It’s fascinating to witness the slow ‘domestication’ of (supposedly) feral kids, brought up with limited or no access to human world; nurtured by nature. Maybe, because at some level they represent the struggles we often face while entering into different (social/cultural) domains that inexorably keep us excluded, albeit in a much broader and painful scale. The perennial dramas in the lives of wild children also give us a closer understanding of the gifts that makes us human, which we more or less take for granted.

The Enlightenment era of the 18th century in Western Europe increasingly invoked the concept of ‘Noble Savage’. As the thinkers of the age weighed in the drawbacks and useful functions of human civilization, the idea of primitive human race existing in harmony with idealized nature gained more traction. There were debates and social experiments speculating on the nature of human in the absence of various constraints, imposed by society, culture, and language. The despotism perpetrated by white colonials of the era made cultural critics and literary circles (hailing from the same white populace) to find a sort of romanticism in the arbitrary yet harmonious lives of indigenous people. Rudyard Kipling’s 1894 children’s story The Jungle Book told the enchanting tale of Mowgli, raised by wolves, a panther, and a bear in the Indian jungle. Later, Edgar Rice Burroughs in 1912 created another archetypal ‘feral child’ character (raised in African jungles) in his Tarzan of the Apes. Both these works has had numerous sequels and cinematic incarnations (Jungle Book and Tarzan has recently had a live-action remake).

While these stories continue to fascinate children and the child within us, the romanticism promoted by the idea of ‘Noble Savage’ has gradually lost its sheen in the 20th & 21st century. The people who were once denied the tools to tell their personal stories of oppression and displacement, in the hands of industrial-era colonists, are now voicing them out loudly. Such insider’s viewpoint not only celebrates one’s richer aspects of culture, firmly realized long before the invasion of the Europe, but also rightfully banishes the blatant romanticism purported by Enlightenment era. There was also due attention given to stories of ‘feral’ children within European soil itself, which was often alluded to parental abandonment and other combination of social factors. The cinematic versions of such real-life stories were far removed from the jubilant mood designed by Kipling and Burroughs.

The ‘wild kids’ in Francois Truffaut’s The Wild Child (L’Enfant Sauvage, 1970) and Werner Herzog’s The Enigma of Kaspar Hauser (1974) may have possessed the spiritual quality of Tarzan and Mowgli, but their encounter with human civilization is grounded in stark reality. The Wild Child was based on the memoirs of Dr. Jean Marc Gaspard Itard, a French physician at the National Institution for Deaf Mutes. Late in the 18th century, Dr. Itard came across the Wild Boy of Aveyron, a 12-year-old found wandering naked in the forests. Unable to speak, walking on all fours, and scarred, the boy was placed under the care of Itard who named him Victor. The doctor saw this as a chance to test his theories on morality and language, the pivotal element that separates mankind from jungle beasts. With the help of a maternal housekeeper, Itard firmly as well as kindly tried to educate Victor on how to be a human. While Victor slowly learned to show moral judgment and sympathy for others, he didn’t entirely learn to speak, read and write. Beautifully filmed in black-and-white by the great Nestor Almendros, Truffaut directed the story with humane clarity that’s free from melodrama and sentimentality. Truffaut himself played Dr. Itard and in the role of Victor he casted Jean-Pierre Cargol, a 12-year-old non-actor who doesn’t really act but deeply embodies the perspective of Victor.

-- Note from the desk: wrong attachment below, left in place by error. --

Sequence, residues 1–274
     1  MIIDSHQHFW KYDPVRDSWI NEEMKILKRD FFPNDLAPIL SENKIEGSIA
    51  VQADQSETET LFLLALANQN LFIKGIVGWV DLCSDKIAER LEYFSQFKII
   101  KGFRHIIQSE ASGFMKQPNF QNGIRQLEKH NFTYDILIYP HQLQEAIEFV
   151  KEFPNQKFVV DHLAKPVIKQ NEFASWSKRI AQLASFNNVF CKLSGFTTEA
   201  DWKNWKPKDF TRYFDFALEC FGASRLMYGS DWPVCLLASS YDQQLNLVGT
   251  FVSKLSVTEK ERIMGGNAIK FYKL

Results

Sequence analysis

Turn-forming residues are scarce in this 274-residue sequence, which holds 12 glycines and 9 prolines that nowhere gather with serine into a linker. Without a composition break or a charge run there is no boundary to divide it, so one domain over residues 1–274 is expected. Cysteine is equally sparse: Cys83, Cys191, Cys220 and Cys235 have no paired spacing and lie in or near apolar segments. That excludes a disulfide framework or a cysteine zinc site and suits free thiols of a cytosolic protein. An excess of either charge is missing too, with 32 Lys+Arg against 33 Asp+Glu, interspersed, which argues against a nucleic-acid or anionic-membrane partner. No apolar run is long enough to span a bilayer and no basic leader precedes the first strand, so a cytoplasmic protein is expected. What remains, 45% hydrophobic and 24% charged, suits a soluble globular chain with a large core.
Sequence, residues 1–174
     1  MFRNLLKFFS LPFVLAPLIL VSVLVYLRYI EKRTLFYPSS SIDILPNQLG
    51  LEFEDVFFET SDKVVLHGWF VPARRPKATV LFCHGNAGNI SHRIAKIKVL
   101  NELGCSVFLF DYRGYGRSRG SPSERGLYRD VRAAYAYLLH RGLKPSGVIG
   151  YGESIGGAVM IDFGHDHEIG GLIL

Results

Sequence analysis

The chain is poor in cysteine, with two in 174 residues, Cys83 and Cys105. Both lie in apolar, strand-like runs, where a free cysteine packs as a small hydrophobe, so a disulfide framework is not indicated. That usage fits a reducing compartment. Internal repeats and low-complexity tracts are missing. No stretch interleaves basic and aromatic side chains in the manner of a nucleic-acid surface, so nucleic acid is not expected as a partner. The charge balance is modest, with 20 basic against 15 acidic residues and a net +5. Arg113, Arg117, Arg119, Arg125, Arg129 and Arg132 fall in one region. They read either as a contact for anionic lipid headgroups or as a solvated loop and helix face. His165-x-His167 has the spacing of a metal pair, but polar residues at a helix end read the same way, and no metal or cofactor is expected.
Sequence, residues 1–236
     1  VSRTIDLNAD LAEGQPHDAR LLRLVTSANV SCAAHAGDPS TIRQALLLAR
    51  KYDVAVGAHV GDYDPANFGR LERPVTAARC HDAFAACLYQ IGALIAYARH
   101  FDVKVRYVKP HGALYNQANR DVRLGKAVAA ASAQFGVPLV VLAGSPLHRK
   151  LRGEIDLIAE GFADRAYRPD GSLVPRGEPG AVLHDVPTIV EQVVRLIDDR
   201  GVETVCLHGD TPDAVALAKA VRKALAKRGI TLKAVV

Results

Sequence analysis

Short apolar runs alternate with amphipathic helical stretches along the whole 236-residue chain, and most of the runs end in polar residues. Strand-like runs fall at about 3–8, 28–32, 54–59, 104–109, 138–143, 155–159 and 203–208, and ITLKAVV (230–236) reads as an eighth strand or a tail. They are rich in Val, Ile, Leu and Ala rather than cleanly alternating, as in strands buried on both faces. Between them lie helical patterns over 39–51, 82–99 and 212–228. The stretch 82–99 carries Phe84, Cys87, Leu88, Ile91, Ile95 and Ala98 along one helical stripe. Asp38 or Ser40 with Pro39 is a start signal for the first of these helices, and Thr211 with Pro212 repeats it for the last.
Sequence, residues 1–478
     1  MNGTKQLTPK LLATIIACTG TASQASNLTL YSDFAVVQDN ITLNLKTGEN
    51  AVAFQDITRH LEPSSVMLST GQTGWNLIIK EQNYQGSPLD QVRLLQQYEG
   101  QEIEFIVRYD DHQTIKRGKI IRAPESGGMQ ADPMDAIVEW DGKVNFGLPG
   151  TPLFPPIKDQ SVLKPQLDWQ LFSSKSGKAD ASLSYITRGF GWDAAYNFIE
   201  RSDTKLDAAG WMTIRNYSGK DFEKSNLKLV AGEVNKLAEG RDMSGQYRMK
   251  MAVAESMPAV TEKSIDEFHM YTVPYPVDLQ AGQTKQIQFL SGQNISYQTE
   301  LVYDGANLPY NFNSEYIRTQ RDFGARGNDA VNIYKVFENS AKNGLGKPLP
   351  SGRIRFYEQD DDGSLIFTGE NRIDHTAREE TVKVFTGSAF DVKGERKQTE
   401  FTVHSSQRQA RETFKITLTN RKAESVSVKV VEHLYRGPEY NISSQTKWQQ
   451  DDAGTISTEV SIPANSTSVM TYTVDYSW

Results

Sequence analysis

Werner Herzog takes an intriguing real-life wild kid story from Germany and turns it into a heartrending examination of human nature. Kaspar Hauser was first discovered outside the gates of Nuremberg in 1828, even though in real life (and in the film) the boy’s background is never fully explained. The local law and medical officers made a thorough examination of Kaspar and placed him in a jail cell. Kaspar learns a little of human moral values when he is placed under the care of a serene family and later also gets to experience the cruel side when the townsfolk enters him into a freak-show. He is later adopted by a kind & wealthy professor named Daumer. In the house of Daumer, Kaspar learns to write and read fluently and also develops a penchant for music. Bruno S, a street performer was in real life locked away for 23 years in various mental institutions, plays Kaspar Hauser to perfection. Rather than turn the film into a pleasing narrative of a once-famous historical character, Herzog offers an assortment of human behavior – ranging between genial and ghastly – to illuminate the enigma and mystery surrounding the entire human condition. Kaspar’s blank-faced vulnerability simply brings more profundity to Herzog’s philosophical inquiry (the aesthetics, however, are more stylized than Truffaut’s Wild Child).